Sign up for the fire brigade
June 9, 2008 · Updated 1:47 PM
By TAD SOOTER
It wont lower home prices, but a $650,000 federal grant awarded to the Bainbridge Fire Department will go a long way toward helping attract volunteer firefighters.
The department received the Federal Emergency Management Administration grant Wednesday, to help pay for the recruitment and retainment of firefighters, which has been challenging due to the islands high cost of living.
Bainbridge took home the largest of the nine awards given to fire departments in the state as part of FEMAs Staffing for Adequate Fire and Emergency Response program. The agency awards $115 million in grants annually to departments nationwide.
Bainbridge Fire Chief Hank Teran said the money will pay for a full-time recruitment specialist and incentives for keeping volunteers on the force. The department prefers to find its firefighters locally, but island prices make it hard not only for families to find homes, but free time as well.
A lot of the time you have two income families, and there is less time for people to volunteer for anything, Teran said.
The recruitment specialist will work with Teran to expand the appeal of the department. One key strategy will be reaching out to people who dont fit the stereotypical firefighter mold.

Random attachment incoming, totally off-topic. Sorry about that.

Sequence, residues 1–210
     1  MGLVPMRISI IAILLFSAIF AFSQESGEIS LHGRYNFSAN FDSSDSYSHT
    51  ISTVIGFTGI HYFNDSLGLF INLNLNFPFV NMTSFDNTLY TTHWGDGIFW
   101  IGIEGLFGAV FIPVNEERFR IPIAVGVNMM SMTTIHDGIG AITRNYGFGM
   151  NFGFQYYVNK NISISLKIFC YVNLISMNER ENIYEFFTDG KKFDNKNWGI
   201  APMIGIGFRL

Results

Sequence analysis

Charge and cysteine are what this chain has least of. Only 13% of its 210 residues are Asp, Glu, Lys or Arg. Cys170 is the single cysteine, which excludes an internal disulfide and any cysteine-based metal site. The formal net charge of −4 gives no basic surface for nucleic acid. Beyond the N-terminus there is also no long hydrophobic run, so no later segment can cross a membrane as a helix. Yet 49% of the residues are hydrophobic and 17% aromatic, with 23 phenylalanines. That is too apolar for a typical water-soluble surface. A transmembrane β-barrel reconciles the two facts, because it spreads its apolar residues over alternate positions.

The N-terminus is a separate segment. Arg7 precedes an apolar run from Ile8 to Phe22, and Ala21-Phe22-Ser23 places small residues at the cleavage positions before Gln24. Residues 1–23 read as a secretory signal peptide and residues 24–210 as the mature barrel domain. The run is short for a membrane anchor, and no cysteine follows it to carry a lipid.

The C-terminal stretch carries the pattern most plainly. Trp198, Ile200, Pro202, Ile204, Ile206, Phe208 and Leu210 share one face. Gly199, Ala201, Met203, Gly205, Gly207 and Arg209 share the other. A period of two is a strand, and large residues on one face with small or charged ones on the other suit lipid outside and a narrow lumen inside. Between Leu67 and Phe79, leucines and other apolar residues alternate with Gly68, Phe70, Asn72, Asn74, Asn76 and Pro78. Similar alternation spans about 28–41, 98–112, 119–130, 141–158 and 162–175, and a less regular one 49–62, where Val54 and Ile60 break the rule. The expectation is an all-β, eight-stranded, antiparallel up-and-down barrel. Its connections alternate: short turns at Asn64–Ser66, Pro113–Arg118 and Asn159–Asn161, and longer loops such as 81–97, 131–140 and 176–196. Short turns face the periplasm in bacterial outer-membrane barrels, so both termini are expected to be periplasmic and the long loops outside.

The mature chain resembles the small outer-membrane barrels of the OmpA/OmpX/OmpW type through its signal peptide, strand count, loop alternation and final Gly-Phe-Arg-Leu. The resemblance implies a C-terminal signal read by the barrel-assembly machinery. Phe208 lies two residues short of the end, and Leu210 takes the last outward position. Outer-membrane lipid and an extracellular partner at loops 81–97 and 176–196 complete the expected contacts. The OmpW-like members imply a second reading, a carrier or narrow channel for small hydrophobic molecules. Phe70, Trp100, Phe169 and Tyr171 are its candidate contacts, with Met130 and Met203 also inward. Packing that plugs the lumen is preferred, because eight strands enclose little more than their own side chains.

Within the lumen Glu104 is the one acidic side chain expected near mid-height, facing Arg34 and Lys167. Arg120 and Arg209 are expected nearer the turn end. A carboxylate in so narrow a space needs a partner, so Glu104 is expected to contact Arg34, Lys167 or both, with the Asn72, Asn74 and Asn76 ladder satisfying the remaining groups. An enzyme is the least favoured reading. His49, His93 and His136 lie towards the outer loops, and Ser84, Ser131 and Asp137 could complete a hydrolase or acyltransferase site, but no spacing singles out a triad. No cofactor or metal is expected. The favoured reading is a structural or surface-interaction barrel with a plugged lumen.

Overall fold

When people think of firefighters, theyre thinking of someone in their mid or late 20s, Teran said. But there are roles that can be filled by people of many different age groups.
Once on the force volunteers are often drawn away by family obligations. Teran said the grant money can help the department keep volunteers engaged even as their personal lives change, and offer bonuses like health and dental care plans.
Well be looking at what we can offer outside of just service to the community, Teran said
The department currently has 50 volunteers and a paid staff of 27, including 18 career firefighters and medical responders.
Volunteers can apply for several positions with varying requirements for training and time.
Firefighter and emergency medical service volunteers complete a physical review and attend a six month training school, after which they can respond to emergency pager calls at home as probationary members. Volunteers are approved by the Fire Board of Commissioners.
Special service volunteers donate their skills to help victims handle stress in emergencies or work on department projects. Young adults can become fire cadets and help assist in department tasks, helping medical scenes, tending to firefighter rehab centers, filling air tanks and attending weekly training sessions.
Volunteer benefits include enrollment in a state volunteer pension program, a disability program and an $8 reimbursement for calls along with the practical experience and camaraderie.
The department will be looking to expand its staff and capabilities to match growth on Bainbridge Teran said.
The island is changing, he said, and the need for services is going to keep growing.
The heat is on
The Bainbridge Fire Department accepts volunteer applications year-round.
Information on volunteer opportunities and applications is available at www.bifd.org or by calling 842-7686.